Buthelezi built his political career and carved out a national role in South African politics by mobilising Zulu identities several decades before the 2008 depression. Despite the twists and turns in his political strategies necessitated by changes spanning a long political career, what is arguably constant in his politics is the politicisation of ethnic identities and the promotion of Zulu nationalism. Nicknamed Gatsha (branch) by his grandmother, reputably because she believed he would restore the Zulu nation to its former glory, his political outlook was limited by its local or, at best, regional grounding in a context where the liberation movement defined itself in national terms.
An important component in mobilising the amaZulu was the need to safeguard the monarchy as an essential aspect of Zulu political culture and identity. The defeat of the Zulu nation by colonialism involved targeting and undermining Zulu kings as leaders and symbols of the Zulu state, independence and pride.
Buthelezi worked hard to revitalise the Zulu monarchy, including bringing it in line with his broader political agenda and personal ambitions. He capitalised on his blood ties to the Zulu royal family and the role of his great-grandfather, Mnyamana, as a chief adviser to King Cetshwayo to lay claim to his preordained role as “prime minister” to Zulu kings. A fatal flaw in his strategy, which at first appeared to pay dividends, was his decision to participate in apartheid structures, becoming the chief minister of the Zululand Bantustan, purportedly to fight apartheid from within.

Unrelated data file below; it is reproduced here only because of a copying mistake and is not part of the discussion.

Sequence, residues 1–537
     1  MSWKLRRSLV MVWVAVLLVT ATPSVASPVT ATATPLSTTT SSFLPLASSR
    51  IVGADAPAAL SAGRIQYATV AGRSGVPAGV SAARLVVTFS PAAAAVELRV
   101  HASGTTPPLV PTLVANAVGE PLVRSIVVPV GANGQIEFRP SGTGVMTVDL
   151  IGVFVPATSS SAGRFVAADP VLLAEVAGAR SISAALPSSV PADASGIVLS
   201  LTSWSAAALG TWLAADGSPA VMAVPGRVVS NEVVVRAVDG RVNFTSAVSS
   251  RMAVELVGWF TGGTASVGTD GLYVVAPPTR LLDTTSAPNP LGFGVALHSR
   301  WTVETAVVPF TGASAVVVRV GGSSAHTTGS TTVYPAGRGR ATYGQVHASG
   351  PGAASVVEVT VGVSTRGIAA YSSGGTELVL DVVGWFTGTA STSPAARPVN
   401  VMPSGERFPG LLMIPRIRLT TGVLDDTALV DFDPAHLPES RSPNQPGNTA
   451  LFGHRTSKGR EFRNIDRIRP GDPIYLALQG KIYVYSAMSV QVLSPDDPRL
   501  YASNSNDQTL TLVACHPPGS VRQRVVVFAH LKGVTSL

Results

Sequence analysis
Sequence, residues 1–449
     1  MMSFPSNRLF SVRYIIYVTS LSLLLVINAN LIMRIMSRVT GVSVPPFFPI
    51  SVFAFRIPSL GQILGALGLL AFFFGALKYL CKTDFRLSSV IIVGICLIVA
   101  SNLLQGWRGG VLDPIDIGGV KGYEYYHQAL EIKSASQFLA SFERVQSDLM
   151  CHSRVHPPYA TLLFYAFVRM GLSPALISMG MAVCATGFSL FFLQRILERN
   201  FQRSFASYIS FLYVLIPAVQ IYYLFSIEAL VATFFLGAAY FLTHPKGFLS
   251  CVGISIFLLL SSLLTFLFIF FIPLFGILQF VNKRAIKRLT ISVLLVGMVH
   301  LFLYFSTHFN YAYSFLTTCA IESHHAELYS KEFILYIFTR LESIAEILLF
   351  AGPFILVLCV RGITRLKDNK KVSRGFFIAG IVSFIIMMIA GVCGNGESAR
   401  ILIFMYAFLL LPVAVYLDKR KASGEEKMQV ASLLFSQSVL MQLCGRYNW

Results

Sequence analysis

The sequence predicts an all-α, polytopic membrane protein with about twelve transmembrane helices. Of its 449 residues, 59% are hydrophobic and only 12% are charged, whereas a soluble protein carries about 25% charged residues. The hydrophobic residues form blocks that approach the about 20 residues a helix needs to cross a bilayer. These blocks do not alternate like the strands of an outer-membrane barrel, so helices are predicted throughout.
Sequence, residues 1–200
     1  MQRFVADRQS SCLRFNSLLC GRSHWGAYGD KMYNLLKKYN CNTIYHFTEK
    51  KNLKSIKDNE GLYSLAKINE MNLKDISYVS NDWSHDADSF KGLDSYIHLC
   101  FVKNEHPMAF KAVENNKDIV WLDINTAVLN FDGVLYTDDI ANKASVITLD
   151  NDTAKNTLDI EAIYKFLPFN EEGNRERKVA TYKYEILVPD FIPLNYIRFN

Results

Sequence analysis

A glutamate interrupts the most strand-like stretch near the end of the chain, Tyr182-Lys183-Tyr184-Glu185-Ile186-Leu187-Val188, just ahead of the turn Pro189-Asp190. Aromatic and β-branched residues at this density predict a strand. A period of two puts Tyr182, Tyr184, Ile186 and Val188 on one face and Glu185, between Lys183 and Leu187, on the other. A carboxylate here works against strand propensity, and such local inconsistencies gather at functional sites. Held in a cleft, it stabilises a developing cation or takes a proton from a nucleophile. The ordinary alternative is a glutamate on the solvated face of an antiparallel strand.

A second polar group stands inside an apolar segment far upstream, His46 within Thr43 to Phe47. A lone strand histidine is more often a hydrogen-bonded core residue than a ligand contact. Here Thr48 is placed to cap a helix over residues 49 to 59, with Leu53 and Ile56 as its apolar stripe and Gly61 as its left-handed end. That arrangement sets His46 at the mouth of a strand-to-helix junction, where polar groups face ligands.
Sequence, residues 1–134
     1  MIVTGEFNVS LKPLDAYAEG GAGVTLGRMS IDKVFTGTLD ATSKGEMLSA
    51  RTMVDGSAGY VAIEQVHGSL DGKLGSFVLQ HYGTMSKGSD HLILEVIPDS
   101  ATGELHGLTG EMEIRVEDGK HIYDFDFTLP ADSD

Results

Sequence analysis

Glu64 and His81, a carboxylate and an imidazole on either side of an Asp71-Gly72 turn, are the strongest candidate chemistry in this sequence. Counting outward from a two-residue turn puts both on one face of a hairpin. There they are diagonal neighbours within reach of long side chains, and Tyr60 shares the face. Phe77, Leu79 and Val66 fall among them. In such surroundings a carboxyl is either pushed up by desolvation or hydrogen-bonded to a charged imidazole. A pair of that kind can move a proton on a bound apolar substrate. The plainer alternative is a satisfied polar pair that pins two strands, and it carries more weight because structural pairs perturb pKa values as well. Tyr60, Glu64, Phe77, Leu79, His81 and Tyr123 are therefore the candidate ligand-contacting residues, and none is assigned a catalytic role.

Despite successfully using this position to build his power base and defiantly refusing to accept full independence for his homeland, this played into the hands of his apartheid masters whose grand strategy was locking black people in ethnic political identities to keep them divided and to deny them their political rights in “white” South Africa. The strategy condemned him to the role of provincial leader and earned him the unedifying title of “sell-out” from his detractors.
Another strategic error was his self-projection as a supporter of capitalism, which led him to oppose the call for economic sanctions against the apartheid regime. While this endeared him to liberals, capitalists and Western leaders such as Ronald Reagan in the US and the UK’s Margaret Thatcher, it pitted Buthelezi against the ANC’s disinvestment campaign and ignored a fundamental characteristic of South African racial capitalism: cheap black labour and white ownership of the wealth.